5 steps to sleep safetyAlways place your baby to sleep on her back – This should be done from day one for both daytime naps and night time sleeps. Putting your little one on her back to sleep will not increase her risk of choking should she vomit. When your child is old enough to roll over, you shouldn’t prevent this. The back to sleep campaign began in 1994 and has seen an incredible reduction in SIDS cases. This is now called the safe to sleep campaign as there are more things we can do:Share rooms for at least the first 6 months – Your baby should always sleep in her own age/size appropriate bed and never in your bed, on a chair or on the sofa. If you opt to co-sleep you must make this as safe as possible too. Is it safe to co-sleep with a newborn?Use a new, firm, correctly fitted mattress – Your baby should have a new mattress that is suited for the exact size of her bed/cot/Moses basket. The general guidance for cots is there should be no more than a 4cm gap between the cot and mattress. You should never use a second hand mattress and when buying, always check it conforms to safety requirements: mattresses should carry the BSI number BS 1877-10:1997. If you are unsure which sized mattress to buy, measure the sleeping area of the bed and take these measurements with you to a reputable shop.Keep soft objects out of your baby’s sleep area – This allows the air to flow around your baby preventing overheating and also ensures there are no suffocation risks. Teddies, pillows, cot bumpers and additional blankets/bedding all fall into this category so keep them out!Don’t let your baby overheat – You should always check the temperature of your baby’s sleep area before dressing her for the night and also re-check her body temperature throughout the night where appropriate. Click here for more information on tog rating and room temperatures.
NHS, nichd, Which
Every new parent worries about their newborn, even more so when she is asleep. Hopefully this post will help to alleviate your fears whilst maintaining the safety and health of your child.
I worry my baby will stop breathing
Newborns do not have regular breathing patterns so there may be occasions where you little one has what seems like a huge gap between breaths. In reality this is likely to be only a few more seconds gap than usual. Look out for the colour of your baby’s skin. If it is blue she may be having breathing difficulties and if she is red she may be overheating.
I worry about SIDS
Every parent worries about SIDS. The practice of creating a safe sleeping environment has been so successfully highlighted over the years we can’t help but worry. Follow the guidelines on both creating a safe sleep environment and the tog rating and temperature guide. Your baby should sleep in the same room as you for at least the first 6 months, this will also help to reassure you.
I wouldn’t know what to do…
A huge fear for all parents is that we find our children needing urgent medical help and we don’t know what to do. Be it choking, not breathing, convulsing or even bangs to their head or burns and cuts, we all know getting first aid trained is the right thing to do, the confidence it gives you when dealing with the above is immeasurable but more importantly, it could save your baby’s life. You can find out more about baby first aid from the British Red Cross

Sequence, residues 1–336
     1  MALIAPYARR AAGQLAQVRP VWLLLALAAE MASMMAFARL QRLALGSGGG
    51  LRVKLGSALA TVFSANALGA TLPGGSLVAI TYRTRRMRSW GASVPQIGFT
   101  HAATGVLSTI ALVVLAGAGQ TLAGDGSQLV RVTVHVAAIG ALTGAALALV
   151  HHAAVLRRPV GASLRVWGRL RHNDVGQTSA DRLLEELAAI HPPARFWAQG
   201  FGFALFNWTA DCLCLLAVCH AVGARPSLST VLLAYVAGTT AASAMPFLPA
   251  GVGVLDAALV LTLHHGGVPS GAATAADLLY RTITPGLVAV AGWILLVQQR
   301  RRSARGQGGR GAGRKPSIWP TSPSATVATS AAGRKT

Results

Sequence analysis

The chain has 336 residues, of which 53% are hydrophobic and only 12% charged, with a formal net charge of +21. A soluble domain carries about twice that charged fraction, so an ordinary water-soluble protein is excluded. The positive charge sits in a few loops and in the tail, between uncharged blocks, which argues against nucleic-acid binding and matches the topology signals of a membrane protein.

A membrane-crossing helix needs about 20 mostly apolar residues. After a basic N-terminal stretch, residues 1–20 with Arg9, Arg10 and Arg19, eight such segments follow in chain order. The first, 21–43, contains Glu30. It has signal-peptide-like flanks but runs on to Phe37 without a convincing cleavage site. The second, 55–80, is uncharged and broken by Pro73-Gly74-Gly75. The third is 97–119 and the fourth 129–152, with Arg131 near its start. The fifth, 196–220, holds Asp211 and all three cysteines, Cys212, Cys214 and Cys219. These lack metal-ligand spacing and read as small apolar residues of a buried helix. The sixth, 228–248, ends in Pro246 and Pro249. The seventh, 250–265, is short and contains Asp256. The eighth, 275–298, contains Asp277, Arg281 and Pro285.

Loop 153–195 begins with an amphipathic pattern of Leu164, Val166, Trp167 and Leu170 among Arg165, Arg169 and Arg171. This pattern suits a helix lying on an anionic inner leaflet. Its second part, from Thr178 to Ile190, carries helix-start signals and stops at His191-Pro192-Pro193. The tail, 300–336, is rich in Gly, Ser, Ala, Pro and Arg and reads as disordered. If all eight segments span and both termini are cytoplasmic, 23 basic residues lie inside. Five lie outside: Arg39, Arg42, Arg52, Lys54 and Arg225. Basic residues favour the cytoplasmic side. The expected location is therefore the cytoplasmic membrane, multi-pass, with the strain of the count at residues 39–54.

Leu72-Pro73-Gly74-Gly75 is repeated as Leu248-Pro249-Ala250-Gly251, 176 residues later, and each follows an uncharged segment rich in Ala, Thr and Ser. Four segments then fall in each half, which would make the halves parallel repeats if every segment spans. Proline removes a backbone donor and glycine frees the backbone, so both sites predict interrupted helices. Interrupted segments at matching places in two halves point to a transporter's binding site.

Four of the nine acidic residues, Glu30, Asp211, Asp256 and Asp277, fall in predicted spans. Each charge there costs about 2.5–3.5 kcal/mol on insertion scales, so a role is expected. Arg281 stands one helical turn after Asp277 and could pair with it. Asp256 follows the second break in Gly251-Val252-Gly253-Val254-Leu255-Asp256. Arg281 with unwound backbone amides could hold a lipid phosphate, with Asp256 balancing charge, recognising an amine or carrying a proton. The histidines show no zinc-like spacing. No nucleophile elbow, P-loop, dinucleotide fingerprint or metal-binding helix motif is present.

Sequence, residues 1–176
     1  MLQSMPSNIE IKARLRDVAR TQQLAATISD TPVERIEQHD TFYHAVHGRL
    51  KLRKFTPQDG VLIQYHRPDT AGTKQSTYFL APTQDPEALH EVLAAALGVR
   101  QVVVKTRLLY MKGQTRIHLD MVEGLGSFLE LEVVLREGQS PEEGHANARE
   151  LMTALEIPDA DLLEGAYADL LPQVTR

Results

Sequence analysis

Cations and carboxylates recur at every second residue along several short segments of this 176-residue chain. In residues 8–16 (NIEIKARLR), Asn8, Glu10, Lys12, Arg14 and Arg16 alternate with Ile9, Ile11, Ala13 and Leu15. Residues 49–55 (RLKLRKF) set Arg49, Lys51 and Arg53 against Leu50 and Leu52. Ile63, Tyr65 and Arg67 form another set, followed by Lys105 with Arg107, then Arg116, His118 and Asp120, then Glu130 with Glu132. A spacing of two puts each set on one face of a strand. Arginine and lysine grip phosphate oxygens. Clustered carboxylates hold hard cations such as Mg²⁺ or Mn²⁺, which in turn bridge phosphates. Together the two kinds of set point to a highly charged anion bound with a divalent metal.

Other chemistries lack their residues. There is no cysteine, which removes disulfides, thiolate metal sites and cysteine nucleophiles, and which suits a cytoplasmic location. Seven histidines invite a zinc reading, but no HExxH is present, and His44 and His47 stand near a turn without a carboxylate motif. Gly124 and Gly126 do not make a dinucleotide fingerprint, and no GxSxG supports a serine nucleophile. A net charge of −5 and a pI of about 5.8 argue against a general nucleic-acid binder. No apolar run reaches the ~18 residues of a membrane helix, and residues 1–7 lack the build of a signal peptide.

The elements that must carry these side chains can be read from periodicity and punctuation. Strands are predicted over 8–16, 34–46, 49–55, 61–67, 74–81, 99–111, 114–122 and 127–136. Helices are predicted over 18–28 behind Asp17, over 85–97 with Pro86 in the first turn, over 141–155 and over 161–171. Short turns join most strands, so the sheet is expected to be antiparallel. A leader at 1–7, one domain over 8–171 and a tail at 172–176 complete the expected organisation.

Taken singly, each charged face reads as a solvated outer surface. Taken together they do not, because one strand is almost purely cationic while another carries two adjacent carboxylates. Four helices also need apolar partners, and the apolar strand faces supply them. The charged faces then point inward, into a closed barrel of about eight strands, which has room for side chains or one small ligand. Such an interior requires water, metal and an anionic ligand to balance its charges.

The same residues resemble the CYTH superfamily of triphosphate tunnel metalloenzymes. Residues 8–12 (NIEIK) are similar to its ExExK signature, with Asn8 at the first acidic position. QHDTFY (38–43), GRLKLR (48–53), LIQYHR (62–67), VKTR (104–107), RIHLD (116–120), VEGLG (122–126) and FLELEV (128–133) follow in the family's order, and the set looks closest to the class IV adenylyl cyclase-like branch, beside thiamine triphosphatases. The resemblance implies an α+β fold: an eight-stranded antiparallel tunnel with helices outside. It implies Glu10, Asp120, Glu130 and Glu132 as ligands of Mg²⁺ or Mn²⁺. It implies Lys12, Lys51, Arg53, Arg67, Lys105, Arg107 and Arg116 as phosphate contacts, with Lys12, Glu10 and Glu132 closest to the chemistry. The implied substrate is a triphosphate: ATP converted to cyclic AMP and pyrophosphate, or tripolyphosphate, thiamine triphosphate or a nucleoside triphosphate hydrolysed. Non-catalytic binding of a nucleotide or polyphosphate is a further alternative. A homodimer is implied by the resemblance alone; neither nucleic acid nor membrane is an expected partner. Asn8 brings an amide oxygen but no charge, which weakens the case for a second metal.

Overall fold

When to start a bedtime routine is a popular question from many new parents and there is a lot of conflicting advice out there. This post will help you to decide when to start with a bedtime routine, what you need to consider and which sort of routine is best for you.
When should I start it?
it is never too early to start a bedtime routine, most people suggest starting it at around 6-8 weeks but there is absolutely no harm in starting a good bedtime routine from day one and adapting it slightly as your child grows. For example, in the first week or so you may top and tail your newborn before bed and once the umbilical stump has fallen off start bathing him. Over time you will find what works well and what is pivotal to the routine working.
What does a good routine involve?
A bed time routine should have a calming influence that relaxes and reassures your baby. Over time your newborn will come to expect each and every structured step and will accept that last step as being time to sleep. A good routine should include a bath, a story or stories, some cuddles, calming background music and dimly lit lights. It will also help if you incorporate a massage. The routine should start no later than 30 minutes before bedtime although some routines can take up to one hour. It should be a calm, enjoyable environment that is geared towards calming down and relaxing both body and mind (no bright lights or loud games/music).
How do I know what will work?
in simple terms, a good routine is a good routine and the routine you choose is determined by you. Don’t set yourself up to fail by making it too complex. The best and most effective routines are the most simple as they are easy to follow, calming for both Mum (and Dad) and baby, and are most likely to be implemented long term rather than you giving up after a week or so because it is so exhausting. After 5-7 days of using the same routine you should notice an improvement in your child’s attitude to going to sleep and ability to fall asleep unaided. As your child grows this will also aid your child to sleep for longer periods at night time as her body will have recognised the difference between day and night and her feeding and day time naps will be aligned towards this cycle.